In Najaf, parts of the most sacred Shiite site in Iraq, the Imam Ali shrine, was damaged today in fighting between the U.S. and backers of the Shiite cleric Moqtada al Sadr. The inner gate of the shrine, which leads to the tomb of Imam Ali, appears to have been hit by a projectile. Imam Ali was the Prophet Muhammad’s cousin and son-in-law and he is the most revered saint among Shiite Muslims. Al Jazeera is broadcasting images of a torn veil covering the door to the inner shrine and damage on the walls nearby. Several people were injured in the mosque compound as well. Outside hundreds of Shiite Iraqis protested the destruction.
In Kentucky, a former member of a military police company assigned to Guantanamo Bay, has come forward to tell the press how he was almost killed by his fellow American troops during a training exercise where his colleagues thought he was an actual inmate at Guantanamo. Sean Baker’s story took place in 2003. He was stationed at the Cuban base where the military was holding hundreds of detainees captured in Afghanistan and Pakistan. Baker was ordered to play the role of a detainee in a training exercise. He says four U.S. soldiers who thought he was a detainee grabbed his arms, legs and twisted him. One soldier got on his back and then began to choke him while pressing his head against the steel floor. After 20 or 30 seconds Baker couldn’t breathe. He gave the code word — red — to stop the exercise. But the beating continued until one of the soldiers noticed Baker was wearing Army boots indicating he was not a detainee but one of them. Baker suffered a traumatic brain injury that has left him with a seizure disorder. The military hasn’t confirmed Baker’s story but a spokesperson for the Kentucky National Guard told the Associated Press "There was a training accident, after which he was medically discharged."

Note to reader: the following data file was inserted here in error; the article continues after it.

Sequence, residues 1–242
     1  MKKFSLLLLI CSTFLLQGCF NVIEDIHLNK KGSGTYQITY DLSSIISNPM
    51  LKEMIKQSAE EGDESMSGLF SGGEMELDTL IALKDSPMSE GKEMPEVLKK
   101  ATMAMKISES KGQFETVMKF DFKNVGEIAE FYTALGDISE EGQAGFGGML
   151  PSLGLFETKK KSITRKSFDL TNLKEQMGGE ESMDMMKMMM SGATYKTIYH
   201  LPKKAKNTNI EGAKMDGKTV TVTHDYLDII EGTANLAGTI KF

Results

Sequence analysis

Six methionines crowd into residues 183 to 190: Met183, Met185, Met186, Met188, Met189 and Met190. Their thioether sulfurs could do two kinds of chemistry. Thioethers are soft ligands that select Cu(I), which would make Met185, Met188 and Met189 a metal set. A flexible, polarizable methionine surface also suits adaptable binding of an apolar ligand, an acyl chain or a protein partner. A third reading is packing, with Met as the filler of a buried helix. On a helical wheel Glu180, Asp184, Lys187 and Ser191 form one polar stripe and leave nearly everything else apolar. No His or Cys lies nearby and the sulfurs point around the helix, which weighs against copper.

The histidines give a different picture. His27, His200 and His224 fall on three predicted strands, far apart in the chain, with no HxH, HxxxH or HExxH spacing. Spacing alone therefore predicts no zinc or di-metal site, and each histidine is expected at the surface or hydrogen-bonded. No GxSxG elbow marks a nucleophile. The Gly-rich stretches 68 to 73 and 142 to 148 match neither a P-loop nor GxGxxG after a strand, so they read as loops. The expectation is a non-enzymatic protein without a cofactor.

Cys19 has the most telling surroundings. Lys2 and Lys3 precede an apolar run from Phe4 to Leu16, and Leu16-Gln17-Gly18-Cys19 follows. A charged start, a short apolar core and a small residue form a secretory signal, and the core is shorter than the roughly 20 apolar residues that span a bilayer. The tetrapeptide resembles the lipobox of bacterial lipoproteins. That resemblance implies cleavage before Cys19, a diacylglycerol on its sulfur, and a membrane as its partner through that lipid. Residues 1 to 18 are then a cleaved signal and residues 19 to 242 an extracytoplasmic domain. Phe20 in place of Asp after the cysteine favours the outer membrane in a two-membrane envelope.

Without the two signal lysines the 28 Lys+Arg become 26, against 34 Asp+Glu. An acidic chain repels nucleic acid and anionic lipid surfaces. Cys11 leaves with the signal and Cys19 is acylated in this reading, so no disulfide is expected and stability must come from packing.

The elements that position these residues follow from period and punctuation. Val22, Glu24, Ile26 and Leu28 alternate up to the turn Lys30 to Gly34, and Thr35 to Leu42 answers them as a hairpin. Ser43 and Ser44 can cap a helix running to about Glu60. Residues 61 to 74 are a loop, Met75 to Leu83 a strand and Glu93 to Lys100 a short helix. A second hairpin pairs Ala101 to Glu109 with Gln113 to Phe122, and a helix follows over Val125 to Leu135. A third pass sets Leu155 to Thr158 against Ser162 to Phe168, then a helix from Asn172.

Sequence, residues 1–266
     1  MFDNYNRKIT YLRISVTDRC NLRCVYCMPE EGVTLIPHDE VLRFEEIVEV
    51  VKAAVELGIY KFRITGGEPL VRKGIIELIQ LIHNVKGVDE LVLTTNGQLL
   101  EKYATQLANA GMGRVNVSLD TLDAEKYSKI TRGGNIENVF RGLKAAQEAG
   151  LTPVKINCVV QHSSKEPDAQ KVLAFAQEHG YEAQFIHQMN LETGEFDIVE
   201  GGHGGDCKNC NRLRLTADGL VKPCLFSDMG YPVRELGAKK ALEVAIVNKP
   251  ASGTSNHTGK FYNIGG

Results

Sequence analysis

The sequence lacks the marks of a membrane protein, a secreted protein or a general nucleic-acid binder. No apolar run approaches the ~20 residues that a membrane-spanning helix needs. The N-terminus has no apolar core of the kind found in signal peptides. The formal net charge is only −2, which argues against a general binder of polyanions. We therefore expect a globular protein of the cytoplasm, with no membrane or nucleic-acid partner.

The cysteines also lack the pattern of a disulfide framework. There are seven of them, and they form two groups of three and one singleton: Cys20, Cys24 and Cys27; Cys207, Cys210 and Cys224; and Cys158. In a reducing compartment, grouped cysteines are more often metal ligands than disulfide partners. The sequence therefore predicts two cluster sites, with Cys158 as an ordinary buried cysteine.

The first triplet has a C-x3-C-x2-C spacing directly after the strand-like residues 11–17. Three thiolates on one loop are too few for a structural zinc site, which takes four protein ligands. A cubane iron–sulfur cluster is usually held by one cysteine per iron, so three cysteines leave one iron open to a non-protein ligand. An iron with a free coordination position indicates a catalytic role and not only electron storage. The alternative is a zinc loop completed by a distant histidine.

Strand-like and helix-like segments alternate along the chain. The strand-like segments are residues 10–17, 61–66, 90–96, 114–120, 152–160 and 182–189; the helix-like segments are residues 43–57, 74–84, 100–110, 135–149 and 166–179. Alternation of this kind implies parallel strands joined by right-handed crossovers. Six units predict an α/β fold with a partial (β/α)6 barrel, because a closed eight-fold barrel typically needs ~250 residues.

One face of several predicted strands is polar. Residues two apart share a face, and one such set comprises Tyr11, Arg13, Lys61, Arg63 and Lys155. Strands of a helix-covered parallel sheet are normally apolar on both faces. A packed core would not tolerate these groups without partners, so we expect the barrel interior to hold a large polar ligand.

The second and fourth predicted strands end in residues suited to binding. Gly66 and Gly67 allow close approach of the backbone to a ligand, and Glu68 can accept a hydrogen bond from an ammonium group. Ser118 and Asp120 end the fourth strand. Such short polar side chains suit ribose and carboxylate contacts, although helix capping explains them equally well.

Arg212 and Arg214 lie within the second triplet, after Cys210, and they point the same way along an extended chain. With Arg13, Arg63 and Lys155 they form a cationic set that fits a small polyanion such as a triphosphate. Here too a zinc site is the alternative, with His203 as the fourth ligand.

In Portland Oregon, the FBI has admitted it mistakenly detained a Muslim lawyer in connection to the Madrid bombings that killed 191 people in March. Brandon Mayfield was picked up as a material witness in the case after the FBI claimed it had matched his fingerprints to prints found near the scene of the attacks. Now the FBI said the fingerprints do not match. Mayfield, who is a convert to Islam and a former US Army lieutenant, said after his release "This is a serious infringement on our civil liberties. In a climate of fear, this war on terrorism has gone to the extreme, and innocent people are victims as a result." Mayfield was held for nearly three weeks although no charges were ever filed against him.
In Georgia, the former civil rights leader H. Rap Brown, who is now known as Jamil Abdullah Al-Amin, lost his bid Monday for the Georgia Supreme Court to overturn his conviction for the shooting of a sheriff’s deputy four years ago.
The National Trust for Historic Preservation has put the state of Vermont on its list of endangered places in the country because the state is endangered of losing its small-town charm by the growth of Wal Mart. It marks the first time the national trust has put a state on its annual list. Vermont has four Wal-Mart stores and at least one more on the way.